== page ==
Larry Jaffe is an internationally known, award-winning author and poet. For his entire professional career, Jaffe has been using his art to promote human rights.
He was poet-in-residence at the Autry Museum of Western Heritage; featured in Chrysler’s Spirit in the Words poetry program; co-founder of Poets for Peace (now Poets without Borders); and helped spearhead the UN Dialogue among Civilizations through Poetry project, which spanned hundreds of cities globally.
Jaffe impacts audiences and readers with a rich emotional range, masterfully crafted, written from the heart and soul. His work has been translated into over a dozen languages.
Jaffe has read his work in the Japanese American Museum; the Hammer Museum; the Museum of Tolerance; the Jewish Museum; the Museum of Literature in Prague; and the Dylan Thomas Centre in Wales. He was the first poet honored with the Saint Hill Art Festival’s Lifetime of Creativity Award; is past Poet Laureate for Youth for HumanRights; and is Florida’s Beat Poet Laureate. His books include Unprotected Poetry; Anguish of the Blacksmith’s Forge; One Child Sold; In Plain View; 30 Aught 4; Sirens; and Man without Borders.
Jaffe’s recent activities include workshops and seminars on artists’ rights, human rights and human trafficking.
He spends much of his time with his wife Shelley at their Scone Age Bakery & Café in Dunedin, Florida, co-hosting the Great Coffee House Poetry Revival series with Alan Graham. Jaffe co-edits the Florida Bards poetry book series with James Paul Wagner.
A Renaissance of Human Rights
A house built of Human Rights stands aflame
Philosophies assaulted growing weapons of prejudice
Buildings fall like butterflies in September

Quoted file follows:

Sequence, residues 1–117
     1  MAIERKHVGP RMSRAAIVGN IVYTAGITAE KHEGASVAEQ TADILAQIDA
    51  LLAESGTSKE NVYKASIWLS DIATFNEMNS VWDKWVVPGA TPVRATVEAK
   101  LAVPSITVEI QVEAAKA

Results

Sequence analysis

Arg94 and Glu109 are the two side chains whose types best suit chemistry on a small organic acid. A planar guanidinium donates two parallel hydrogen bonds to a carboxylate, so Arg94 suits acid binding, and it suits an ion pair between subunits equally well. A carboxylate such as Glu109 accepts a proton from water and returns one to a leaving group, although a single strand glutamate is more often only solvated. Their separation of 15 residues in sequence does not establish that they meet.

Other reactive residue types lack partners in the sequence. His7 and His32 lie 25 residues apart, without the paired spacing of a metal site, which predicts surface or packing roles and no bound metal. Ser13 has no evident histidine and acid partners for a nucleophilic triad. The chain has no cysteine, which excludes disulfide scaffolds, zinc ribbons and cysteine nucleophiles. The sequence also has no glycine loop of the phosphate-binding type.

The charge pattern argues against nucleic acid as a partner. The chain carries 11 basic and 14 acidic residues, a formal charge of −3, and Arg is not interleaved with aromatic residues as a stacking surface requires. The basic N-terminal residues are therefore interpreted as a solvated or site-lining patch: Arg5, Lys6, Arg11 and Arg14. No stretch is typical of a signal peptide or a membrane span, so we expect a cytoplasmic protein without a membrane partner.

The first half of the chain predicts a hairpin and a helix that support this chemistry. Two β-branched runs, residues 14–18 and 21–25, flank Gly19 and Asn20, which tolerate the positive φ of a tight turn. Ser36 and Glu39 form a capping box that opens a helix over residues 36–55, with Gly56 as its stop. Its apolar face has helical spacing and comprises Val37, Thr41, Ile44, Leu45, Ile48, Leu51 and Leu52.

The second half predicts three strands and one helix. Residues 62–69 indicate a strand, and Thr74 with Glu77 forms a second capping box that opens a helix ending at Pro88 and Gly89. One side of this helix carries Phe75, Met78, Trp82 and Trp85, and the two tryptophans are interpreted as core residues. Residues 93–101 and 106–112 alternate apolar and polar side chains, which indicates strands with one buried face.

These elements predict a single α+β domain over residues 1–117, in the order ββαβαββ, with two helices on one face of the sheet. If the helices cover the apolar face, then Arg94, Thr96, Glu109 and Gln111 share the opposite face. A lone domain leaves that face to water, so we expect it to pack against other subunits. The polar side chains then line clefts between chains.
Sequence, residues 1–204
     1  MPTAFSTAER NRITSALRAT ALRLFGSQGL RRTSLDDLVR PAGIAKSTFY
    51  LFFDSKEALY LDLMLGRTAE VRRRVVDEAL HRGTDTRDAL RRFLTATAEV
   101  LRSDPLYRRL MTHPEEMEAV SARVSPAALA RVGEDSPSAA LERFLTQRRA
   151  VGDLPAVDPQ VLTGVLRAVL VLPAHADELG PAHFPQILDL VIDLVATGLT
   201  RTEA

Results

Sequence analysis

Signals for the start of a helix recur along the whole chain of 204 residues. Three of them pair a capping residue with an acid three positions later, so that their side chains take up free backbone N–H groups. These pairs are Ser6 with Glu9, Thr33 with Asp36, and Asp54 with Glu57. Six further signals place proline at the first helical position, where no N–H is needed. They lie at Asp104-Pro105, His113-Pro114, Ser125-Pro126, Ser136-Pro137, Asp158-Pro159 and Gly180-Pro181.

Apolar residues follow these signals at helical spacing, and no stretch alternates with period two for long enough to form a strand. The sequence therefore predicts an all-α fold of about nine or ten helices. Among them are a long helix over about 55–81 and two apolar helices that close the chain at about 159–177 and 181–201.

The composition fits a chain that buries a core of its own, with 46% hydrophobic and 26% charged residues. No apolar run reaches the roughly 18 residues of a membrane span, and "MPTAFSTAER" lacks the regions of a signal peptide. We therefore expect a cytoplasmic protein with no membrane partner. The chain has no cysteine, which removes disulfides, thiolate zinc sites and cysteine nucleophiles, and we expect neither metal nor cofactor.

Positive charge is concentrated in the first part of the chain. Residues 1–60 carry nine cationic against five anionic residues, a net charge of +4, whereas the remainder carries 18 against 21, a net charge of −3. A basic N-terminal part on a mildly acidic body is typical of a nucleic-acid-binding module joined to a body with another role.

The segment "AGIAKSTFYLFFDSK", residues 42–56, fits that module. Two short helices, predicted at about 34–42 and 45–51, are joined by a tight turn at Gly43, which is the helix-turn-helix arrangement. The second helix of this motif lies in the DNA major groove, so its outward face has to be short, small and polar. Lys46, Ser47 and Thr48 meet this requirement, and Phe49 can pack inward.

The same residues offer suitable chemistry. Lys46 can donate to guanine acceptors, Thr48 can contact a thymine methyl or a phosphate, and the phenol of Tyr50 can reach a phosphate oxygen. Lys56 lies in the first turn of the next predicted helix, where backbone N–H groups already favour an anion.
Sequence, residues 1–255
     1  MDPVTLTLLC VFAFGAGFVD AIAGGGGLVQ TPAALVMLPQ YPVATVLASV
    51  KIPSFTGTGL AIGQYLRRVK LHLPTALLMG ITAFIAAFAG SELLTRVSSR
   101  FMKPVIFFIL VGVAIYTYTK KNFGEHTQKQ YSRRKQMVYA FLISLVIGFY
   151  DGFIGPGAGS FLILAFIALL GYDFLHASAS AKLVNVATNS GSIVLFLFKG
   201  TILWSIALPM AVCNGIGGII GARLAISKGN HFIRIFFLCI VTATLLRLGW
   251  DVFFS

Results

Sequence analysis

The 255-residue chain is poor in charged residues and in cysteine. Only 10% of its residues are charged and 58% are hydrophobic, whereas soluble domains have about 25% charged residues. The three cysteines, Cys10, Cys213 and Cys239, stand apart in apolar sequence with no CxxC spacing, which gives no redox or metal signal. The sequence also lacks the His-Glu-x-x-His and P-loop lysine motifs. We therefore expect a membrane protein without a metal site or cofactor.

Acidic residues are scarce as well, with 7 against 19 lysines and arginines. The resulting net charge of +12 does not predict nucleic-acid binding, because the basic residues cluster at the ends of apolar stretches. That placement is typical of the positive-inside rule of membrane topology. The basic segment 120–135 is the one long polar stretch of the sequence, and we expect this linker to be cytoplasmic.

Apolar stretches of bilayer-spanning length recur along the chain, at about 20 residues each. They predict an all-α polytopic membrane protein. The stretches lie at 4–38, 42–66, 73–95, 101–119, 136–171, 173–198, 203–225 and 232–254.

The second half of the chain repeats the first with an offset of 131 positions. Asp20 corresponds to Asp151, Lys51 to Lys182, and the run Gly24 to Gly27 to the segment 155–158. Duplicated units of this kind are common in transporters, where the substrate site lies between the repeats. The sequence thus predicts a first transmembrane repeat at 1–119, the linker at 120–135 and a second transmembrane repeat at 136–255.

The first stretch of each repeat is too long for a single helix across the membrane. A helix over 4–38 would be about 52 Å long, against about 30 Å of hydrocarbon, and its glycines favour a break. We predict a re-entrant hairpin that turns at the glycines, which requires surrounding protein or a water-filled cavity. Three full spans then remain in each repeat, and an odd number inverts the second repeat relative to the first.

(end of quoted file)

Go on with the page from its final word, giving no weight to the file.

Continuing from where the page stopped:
Armies held hostage proclaiming innocence
Presidents and dictators take aim and shoot their own
Worried politicians shutter rights in the name of security
Wings are shorn angels drop from the sky
From nowhere voices whisper neglected freedoms
A child chips away at pretense spouts natural law
The last man standing cries out says he is not alone
Rights are not trickled down ceremony Human rights are laws unto themselves
Human Rights Begins
Where, after all, do Universal Rights begin? In small places, close to home – so close and so small that they cannot be seen on any maps of the world. Yet they are the world of the individual person; farm or office where he works. Such are the places where every man, woman, and child seeks justice, equal opportunity, equal dignity without discrimination. Unless these rights have meaning there, they have little meaning anywhere. – Mrs. Eleanor Roosevelt
Human rights begins with your heart miraculously transforming hate to love.
It begins with your mind
inexplicably converting fear to courage.
Human rights begins with your fingers astonishingly turning violence into caresses.
It begins with your family
evolving ignorance into intelligence
It begins in your neighborhood ultimately challenging prejudice with tolerance.